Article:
-Inappropriate test species and/or test species not clearly identified.
-Fish fed during the exposure period.
-Minimum limit of detectability, or the minimum quantifiable limit,
not defined quantitatively.
-Test concentrations variability limit > 1:5.
-Levels of lead, iron and aluminum present in dilution water higher
than recommended.
-No solvent control.
-Results for some test concentrations obtained from tests conducted
after the definite study.
-Not all test solutions measured at 96 and 0 hours.
-No control group for the inert/carrier ingredient component of the
formulation.
-Acclimation  period half that recommended.
                                                   52

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           GUIDELINE
                 REJECTION FACTORS
 Freshwater Fish LCSO
 (Rainbow)
  72-1
 Acute LCSO Freshwater
 Invertebrates
  72-2
Wild Mammal Toxicity
 71-3
Avian Reproduction  Quail
 71-4
Avian Reproduction
Duck
 71-4
Acute LCSO Estuarine and
Marine Organisms   Fish
 72-3D
 -All of the rejection factors listed above for guideline 72-1, Bluegill.
 -Fish acclimation period overlapping with the definite study period.
 -Contamination of the controls with test chemical.
 -Low recovery of test chemical from the stock solutions.
 -Fish weights exceeding the recommended range.
 -Test temperature exceeding the recommended for the test species.
 -Biological loading of the system greater than recommended.
 -Fish mortality during the acclimation period higher than
 recommended.
 -Supersaturation of oxygen.
 -Organisms not randomly distributed to test vessels.
 -Water temperature not monitored.
 -Chemical analyses (concentration levels) not performed on test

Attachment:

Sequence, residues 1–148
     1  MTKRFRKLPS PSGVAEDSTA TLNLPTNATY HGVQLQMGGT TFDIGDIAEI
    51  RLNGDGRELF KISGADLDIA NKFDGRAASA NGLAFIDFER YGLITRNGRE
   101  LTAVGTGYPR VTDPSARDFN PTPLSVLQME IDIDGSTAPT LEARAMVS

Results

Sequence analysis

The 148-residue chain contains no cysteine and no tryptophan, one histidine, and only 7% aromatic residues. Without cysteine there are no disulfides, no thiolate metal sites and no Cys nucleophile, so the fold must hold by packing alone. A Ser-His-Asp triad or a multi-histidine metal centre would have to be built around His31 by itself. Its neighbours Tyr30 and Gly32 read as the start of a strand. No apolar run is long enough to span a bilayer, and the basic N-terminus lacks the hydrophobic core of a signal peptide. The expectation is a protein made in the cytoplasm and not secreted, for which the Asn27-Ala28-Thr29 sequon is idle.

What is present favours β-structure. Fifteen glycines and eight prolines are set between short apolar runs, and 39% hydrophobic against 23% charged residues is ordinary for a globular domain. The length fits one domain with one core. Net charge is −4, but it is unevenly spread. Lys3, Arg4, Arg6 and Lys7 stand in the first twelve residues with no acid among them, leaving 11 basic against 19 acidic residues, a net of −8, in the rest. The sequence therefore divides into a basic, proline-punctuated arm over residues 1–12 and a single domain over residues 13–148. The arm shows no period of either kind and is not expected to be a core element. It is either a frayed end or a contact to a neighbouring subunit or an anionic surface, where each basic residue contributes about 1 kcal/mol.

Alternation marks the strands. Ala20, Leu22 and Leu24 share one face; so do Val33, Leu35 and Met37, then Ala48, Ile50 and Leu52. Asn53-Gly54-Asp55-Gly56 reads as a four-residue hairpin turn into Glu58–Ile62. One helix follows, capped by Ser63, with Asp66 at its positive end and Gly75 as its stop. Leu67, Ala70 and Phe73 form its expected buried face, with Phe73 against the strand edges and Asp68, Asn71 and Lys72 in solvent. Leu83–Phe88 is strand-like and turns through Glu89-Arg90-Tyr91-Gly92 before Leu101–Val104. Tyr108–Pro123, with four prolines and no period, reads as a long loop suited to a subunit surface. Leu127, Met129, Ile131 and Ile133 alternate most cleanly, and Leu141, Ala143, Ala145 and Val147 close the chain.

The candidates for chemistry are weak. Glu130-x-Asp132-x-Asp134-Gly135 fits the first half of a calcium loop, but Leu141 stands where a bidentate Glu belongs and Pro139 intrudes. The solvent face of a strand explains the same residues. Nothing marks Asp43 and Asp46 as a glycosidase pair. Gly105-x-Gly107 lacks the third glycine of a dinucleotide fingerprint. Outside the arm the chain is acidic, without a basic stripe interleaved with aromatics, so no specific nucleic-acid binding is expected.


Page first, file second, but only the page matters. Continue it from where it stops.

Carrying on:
solutions.
 -No control group for the inert/carrier ingredient component of the
 formulation.
 -Minimum limit of detectability, or the minimum quantifiable limit,
 not defined quantitatively.
 -Test concentrations variability limit  > 1.5.
 -Not all test concentrations measured at 0 iand 48 hours.
 -Levels of lead, iron and  aluminum present in dilution water higher
 than recommended.
 -Percent of a.i. of the test formulation not identified.
 -Photoperiod not as recommended.
 -Raw temperature data not provided.
 -Use of dechlorinated water as a portion of the dilution water.
-Diet preparation method not adequate.
-Improper animal caging, as indicated by extensive cannibalism.
-Percent of cracked eggs in the control higher than in treatment
groups.
-Data discrepancies:
 =inappropriate photoperiod;
 =reasons for administration of medication not provided;
 =total number of data points not included in statistical evaluation.
-Data discrepancies:
 =inappropriate photoperiod;
 =inappropriate egg collection procedures;
 =low overall fertility of control birds.
-Unexplained variations in concentrations.
-Concentration level < 100 mg/1, not high enough to produce an
Ley
-Dissolved oxygen levels lower than recommended.
-Analytical determination of the concentration in the test vessels not
provided.
                                                53

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          GUIDELINE
               REJECTION FACTORS
Acute LCSO Estuarine and
Marine Organisms Mollusc
 72-3B and E
-Insufficient new shell growth in control oysters.
-Insufficient dosage levels to produce a reliable LCy,.